NASA Debuts 'Sentinels of the Heliosphere' Film in New Orleans
Greg Shirah isn’t holding his breath, but a new 7-minute visualization that he and his team created called "Sentinels of the Heliopshere" to show the dance of NASA’s heliophysics satellites could be considered for an Academy Award nomination. Greg is a visualizer at the Scientific Visualization Studio (SVS) at NASA Goddard Space Flight Center, Greenbelt, Md.
SIGGRAPH 2009, an international conference and exhibition on computer graphics and interactive techniques, will present the visualization as one of the world’s 135 most innovative and stimulating computer-generated animated films at its Computer Animation Festival in New Orleans Aug. 3-7.
The festival’s "best in show award" qualifies the winner to be considered for nomination in the Academy of Motion Picture Arts and Sciences "Best Animated Short Film" category.
Though winning the best in show award would be nice, and an Oscar even better, Shirah is pragmatic. He’s pleased that Sentinels made the cut in the first place, especially considering the caliber of films submitted for inclusion in the festival. "Most of the movers and shakers in the computer-graphics industry are there," Shirah said, referring to the bevy of animators, including Hollywood types, who attend the confab each year.
Making the recognition even sweeter, at the show, Shirah will be presenting the techniques that Goddard’s SVS used to create Sentinels. The movie tours the regions of near-Earth orbit, the Earth’s magnetosphere, the expanse between Earth and the sun, and finally out beyond Pluto where Voyager 1 and 2 are exploring the boundary between the sun and the rest of the Milky Way.
In short, Sentinels shows a veritable fleet of spacecraft whose looping orbits are as different as the missions the spacecraft were designed to perform.
This isn’t the first time SVS has presented a film at SIGGRAPH. The studio, which works closely with scientists to create products that promote a greater understanding of Earth and space science, also will present a stereoscopic version of its "Safe Landing Sites" animation at this year’s event. In addition, Helen-Nicole Kostis, another SVS staff member, plans to give a talk on stereoscopic visualization.
The Dance of a Fleet of Satellites
Referring to his own creation, Shirah concedes that "there’s a lot of data in the film," including the orbits of 25 spacecraft, eight planets, Pluto, and the moon. "What we wanted to show was how many satellites we have out there, how big the sun’s influence really is, and how NASA’s trying to study these gigantic structures."
Shirah believes the film achieves those objectives, and does this without compromising scientific accuracy. Most everything -- including the position of the background stars as Earth makes its journey around the sun and the relative size of its protective magnetic shield -- is accurate. As the camera zooms in for a close-up of Earth, viewers even can see moving clouds and the line that separates day and night as the planet rotates on its axis. "What isn’t accurate, of course, is the size of the Moon, the planets, and the spacecraft," Shirah said. "We had to scale them so that they could be seen."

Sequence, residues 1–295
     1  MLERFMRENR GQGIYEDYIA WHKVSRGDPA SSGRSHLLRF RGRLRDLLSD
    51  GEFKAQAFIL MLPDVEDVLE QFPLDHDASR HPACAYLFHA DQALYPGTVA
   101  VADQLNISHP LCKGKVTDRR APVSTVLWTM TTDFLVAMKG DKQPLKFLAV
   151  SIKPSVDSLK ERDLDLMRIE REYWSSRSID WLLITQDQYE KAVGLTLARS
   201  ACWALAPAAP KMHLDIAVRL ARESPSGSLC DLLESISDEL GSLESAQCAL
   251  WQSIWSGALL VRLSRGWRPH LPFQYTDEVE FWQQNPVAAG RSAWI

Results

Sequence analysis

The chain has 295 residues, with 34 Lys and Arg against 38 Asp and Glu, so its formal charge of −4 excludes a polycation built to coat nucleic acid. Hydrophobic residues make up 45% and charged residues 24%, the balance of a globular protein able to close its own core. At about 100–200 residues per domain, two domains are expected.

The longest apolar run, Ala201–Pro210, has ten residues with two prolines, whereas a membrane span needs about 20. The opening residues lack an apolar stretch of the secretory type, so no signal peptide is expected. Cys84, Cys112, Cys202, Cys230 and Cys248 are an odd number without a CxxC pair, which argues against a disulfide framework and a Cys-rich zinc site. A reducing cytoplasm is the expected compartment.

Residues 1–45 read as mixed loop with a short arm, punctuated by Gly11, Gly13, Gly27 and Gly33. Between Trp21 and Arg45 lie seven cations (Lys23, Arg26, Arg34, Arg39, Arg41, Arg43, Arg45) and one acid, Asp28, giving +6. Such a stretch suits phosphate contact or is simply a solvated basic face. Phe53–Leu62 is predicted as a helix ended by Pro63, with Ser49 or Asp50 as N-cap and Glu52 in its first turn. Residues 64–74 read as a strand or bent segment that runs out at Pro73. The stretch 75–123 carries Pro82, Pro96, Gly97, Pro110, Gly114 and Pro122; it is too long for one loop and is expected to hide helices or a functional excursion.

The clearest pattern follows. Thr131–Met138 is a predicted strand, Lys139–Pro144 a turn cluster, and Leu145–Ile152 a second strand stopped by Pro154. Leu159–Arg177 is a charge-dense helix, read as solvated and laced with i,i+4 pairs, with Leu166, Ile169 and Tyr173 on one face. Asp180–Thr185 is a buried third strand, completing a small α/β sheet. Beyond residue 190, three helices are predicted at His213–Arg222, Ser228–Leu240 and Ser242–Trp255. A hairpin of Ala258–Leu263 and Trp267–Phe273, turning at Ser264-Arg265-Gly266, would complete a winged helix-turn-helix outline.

Also accurate is how the team depicted the satellites’ varying orbits, including the paths of two spacecraft that make up NASA’s Solar Terrestrial Relations Observatory (STEREO). When the Agency launched the spacecraft in 2006, they initially flew in a tight, highly elliptical orbit around Earth. As the film shows, the two started pulling away from one another after performing a "bank shot" off the Moon. While one continued traveling away from the Earth-Moon system towards its final orbit, the other intercepted the Moon’s orbit a second time to execute a rollercoaster-like maneuver that then propelled it farther out into space.
As the film points out, sometimes travel isn’t the goal. To achieve a certain scientific objective, the satellite needs to "park" near one of the so-called Lagrange points -- where the gravitational pull of two objects balances one another. NASA’s Solar and Heliospheric Observatory (SOHO) is one such spacecraft. Parked in a halo orbit along Lagrange Point 1, the animation shows the observatory’s location between the sun and Earth and its unobstructed that allows it to study solar activity in unprecedented detail.
The film even shows the far-flung orbits of Voyager 1 and 2, which are now investigating a vast region at the edge of our solar system where solar wind runs up against the thin gas between stars.
"We’re really pleased with the results," Shirah said. "We’ve never shown the dance of heliophysics spacecraft like this before. What we hope is that people will look at this and appreciate" the sheer number of satellites patrolling the heliopshere and the amazingly complex paths they take to carry out their jobs.
But he concedes he isn’t quite finished with the project. He wants to add an animated overlay showing a coronal mass ejection, a balloon-shaped burst of solar wind that sweeps over Earth a few days after it explodes from the sun’s corona, frequently resulting in strong geomagnetic storms, auroras and electrical power blackouts. "Sentinels is a great first step," he said.
The film is now available online. NASA employees can get a peek at the movie here
or by going to
. SVS also has developed more than 2,900 other products, which are available at the organization’s Web site, http://svs.gsfc.nasa.gov
Director and Visualization Lead: Greg Shirah
Science Advisors: Jeffrey Hayes, Jennifer Rumburg
Visualizers: Ernie Wright, Tom Bridgman, Horace Mitchell, Trent Schindler and Cindy Starr
Script and Narration: Michael Starobin
Editor: Stuart Snodgrass
IT System Support: James Williams
Audio Design and Mixing: Michael Starobin, Mike Velle
Database Management: Joycelyn Jones
NASA's Goddard Space Flight Center